STUDENTS TO GET ACADEMIC & "SOCIALISATION" CATCH-UP SUPPORT
Will Hazel, Education Correspondent of iNews, writing on Tuesday 24 August 2021, reported that students going to universities this autumn will get support to fill gaps in learning caused by the coronavirus pandemic and also support to help them 'get to grips with the freedom of university life' following 18 months of Covid-19 restrictions.
University students to get catch-up help and ‘socialisation’ support to compensate for months of Covid curbs
Students were only assessed in their A-Levels this summer on the topics they had covered after many schools were unable to complete the full curriculum during the pandemic
Students going to universities this autumn are to receive catch-up support to fill gaps in their learning caused by the Covid-19 pandemic.
Alongside academic catch-up, universities believe they will need to address “socialisation issues” to help students get to grips with the freedom of university life after nearly a year and a half of Covid restrictions.
Last month, the London School of Economics and the University of Exeter estimated that pupils lost nearly a third of their learning time between March 2020 and April 2021 because of school closures and coronavirus disruption.
With many schools unable to complete the full A-level curriculum, students were only assessed this summer on the topics they had covered.
To make sure students will be able to complete their undergraduate courses, universities are therefore having to step in to bridge the learning gaps.
The elite Russell Group of universities has teamed up with the Open University to launch ‘Jumpstart University’ – a free resource designed to help students settle into university.
The platform – which is open to students in all universities – has subject-specific courses, and modules on study skills, student life, wellbeing and mental health.
Professor Dame Nancy Rothwell, the chair of the Russell Group and vice-chancellor of Manchester University, said: “These additional resources will complement other support that our universities have put in place for new students and will be freely available to students at all universities, to tap into as much or as little as they feel is appropriate for them.”
An official working for a university in the South of England told i that they were expecting to deliver “remedial work with a lot of students”.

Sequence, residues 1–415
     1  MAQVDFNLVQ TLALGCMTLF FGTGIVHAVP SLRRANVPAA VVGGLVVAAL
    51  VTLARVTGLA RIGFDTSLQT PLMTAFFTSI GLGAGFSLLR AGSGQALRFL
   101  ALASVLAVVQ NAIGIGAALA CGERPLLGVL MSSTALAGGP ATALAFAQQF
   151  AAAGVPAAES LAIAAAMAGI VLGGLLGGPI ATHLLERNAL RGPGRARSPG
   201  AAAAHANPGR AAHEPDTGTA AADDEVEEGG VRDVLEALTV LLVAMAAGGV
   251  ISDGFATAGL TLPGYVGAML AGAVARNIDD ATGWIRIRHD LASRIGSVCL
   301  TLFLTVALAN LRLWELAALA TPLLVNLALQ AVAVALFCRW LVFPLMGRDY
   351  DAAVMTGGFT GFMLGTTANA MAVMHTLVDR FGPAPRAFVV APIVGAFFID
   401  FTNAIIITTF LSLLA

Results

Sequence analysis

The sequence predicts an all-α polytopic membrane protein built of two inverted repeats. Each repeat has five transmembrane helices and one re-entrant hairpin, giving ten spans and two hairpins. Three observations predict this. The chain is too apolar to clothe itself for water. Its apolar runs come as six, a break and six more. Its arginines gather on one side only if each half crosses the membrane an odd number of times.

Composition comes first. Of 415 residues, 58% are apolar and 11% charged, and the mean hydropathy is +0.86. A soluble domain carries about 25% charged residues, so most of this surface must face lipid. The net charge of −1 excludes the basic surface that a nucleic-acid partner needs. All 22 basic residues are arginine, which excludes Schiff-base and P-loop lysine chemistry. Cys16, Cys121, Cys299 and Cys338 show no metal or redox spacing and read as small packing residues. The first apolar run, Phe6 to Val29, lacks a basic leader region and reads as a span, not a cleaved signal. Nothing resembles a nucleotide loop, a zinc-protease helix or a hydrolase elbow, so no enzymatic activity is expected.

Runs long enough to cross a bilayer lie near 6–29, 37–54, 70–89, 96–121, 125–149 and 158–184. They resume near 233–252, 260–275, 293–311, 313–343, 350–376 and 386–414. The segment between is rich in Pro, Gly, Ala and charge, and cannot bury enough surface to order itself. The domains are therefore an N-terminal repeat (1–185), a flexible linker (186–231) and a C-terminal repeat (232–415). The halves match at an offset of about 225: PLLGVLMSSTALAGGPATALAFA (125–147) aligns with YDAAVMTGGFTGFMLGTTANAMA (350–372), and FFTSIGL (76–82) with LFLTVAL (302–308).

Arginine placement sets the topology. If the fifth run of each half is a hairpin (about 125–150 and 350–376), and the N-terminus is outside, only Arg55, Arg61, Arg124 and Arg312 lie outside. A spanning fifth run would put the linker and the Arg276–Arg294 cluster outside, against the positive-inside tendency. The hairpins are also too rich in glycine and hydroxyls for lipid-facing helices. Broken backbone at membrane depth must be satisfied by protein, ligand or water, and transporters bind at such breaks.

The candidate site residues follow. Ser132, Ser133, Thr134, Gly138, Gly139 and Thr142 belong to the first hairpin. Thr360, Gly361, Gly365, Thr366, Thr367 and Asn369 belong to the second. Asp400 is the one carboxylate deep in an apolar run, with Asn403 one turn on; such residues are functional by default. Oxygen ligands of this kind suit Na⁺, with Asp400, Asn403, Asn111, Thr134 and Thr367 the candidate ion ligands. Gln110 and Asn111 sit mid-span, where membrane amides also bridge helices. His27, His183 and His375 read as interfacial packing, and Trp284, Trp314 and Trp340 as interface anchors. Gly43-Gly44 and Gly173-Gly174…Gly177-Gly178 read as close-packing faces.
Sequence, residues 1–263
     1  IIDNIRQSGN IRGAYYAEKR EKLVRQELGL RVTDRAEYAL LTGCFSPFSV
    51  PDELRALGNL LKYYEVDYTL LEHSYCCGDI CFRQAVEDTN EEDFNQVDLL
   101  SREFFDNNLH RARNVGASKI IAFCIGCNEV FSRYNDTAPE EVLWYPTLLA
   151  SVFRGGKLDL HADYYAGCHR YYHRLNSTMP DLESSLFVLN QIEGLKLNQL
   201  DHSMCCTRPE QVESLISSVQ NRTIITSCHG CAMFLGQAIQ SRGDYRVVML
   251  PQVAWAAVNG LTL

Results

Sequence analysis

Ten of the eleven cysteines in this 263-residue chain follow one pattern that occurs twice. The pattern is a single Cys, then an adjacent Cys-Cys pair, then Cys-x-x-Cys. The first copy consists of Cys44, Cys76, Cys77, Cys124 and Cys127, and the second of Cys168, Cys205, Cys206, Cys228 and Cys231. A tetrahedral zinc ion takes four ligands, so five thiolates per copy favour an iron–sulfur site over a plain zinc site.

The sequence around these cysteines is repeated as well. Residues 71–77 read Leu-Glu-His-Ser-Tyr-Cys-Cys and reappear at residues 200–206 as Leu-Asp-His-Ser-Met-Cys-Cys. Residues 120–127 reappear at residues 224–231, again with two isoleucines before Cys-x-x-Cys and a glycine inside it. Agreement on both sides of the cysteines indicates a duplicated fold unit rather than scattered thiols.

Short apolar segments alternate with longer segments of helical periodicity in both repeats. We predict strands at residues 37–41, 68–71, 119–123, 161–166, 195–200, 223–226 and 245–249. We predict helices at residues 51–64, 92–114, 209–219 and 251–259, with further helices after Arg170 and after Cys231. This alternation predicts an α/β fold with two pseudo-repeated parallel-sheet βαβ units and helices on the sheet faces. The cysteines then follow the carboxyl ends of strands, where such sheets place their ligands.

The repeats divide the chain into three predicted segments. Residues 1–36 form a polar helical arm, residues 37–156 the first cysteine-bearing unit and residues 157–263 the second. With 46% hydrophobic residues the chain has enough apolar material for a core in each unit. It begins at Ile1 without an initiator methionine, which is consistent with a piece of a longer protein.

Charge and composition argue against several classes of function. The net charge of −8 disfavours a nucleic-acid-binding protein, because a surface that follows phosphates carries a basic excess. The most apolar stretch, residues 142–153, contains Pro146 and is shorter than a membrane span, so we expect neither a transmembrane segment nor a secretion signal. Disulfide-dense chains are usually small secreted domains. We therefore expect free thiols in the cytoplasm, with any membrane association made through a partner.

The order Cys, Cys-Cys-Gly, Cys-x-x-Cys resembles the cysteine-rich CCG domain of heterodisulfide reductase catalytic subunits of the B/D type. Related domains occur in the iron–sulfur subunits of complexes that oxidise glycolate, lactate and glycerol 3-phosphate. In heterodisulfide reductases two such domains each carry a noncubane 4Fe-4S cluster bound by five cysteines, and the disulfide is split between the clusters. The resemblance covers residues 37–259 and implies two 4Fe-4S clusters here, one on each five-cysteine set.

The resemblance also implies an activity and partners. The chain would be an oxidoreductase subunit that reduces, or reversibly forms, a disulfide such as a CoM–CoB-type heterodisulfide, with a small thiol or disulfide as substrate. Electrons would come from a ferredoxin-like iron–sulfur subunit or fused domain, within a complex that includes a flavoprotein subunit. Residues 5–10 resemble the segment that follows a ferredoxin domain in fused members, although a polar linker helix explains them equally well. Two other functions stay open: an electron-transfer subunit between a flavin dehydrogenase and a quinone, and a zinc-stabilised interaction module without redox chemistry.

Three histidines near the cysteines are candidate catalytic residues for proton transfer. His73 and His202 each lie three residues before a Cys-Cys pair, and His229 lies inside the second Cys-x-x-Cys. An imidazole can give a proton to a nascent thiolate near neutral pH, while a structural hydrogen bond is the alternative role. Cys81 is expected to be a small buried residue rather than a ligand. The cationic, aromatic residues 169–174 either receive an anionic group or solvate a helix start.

“They cannot help but have had some of their intellectual and other development hindered by being at home for two years at such a critical part of their education.
“We certainly noticed at the start of last year, some students had problems typical entrants didn’t have.”
With the 2021 cohort experiencing disruption over two school years, catch-up would have to be provided “across the whole year” to make up for the amount of learning lost, they said.
The source said universities would have to address “socialisation issues” as well as academic study. “If you’re locked away from age 16 to 18… if we’re back to normal by October, you’ve gone from a period of being locked down for almost two years, to something like as much freedom as you’re ever likely to get.”
Students will need extra support this autumn to adapt to the freedom of university life, experts believe.
Nick Hillman, the director of the Higher Education Policy Institute think-tank, told i: “Going up to university even in normal times is stressful.
“It’s a breakpoint in every respect – you’ve got financial independence for the first time, you’re living away from home, you’re doing truly independent learning, so the stresses are huge and there will be a significant minority of students who do need more support than normal.”
With student unions planning traditional freshers’ week activities for the first time since 2019, there are also concerns some students may over-indulge after two school years in which socialising was strictly limited.
“We saw even last year during the lockdown, massive parties and people breaking all the rules and letting their hair down,” Mr Hillman said.
He added that the onus would be on universities to provide additional support to help students navigate their new freedom.
“If a university has expanded – as many will have done because of the higher A-level results – that does mean very significantly higher levels of fee income.
“It’s important that a significant chunk of that fee income goes on making sure that the support services are there – whether it’s welfare services, academic catch-up support or literally social events that help build students’ networks.”
Universities would also need “constant vigilance” to look out for vulnerable students.
Mr Hillman said independence would be positive for most students.
“Young people are more resilient than the whole snowflake agenda implies,” he said. “They’re desperate to get away from home and get on with the next stage in their life.
“It’s a great force for good that these people will hopefully transition to adulthood in a relatively safe, secure environment – but the question is how can we make it even safer and more secure for a cohort which have been so badly affected by the crisis.”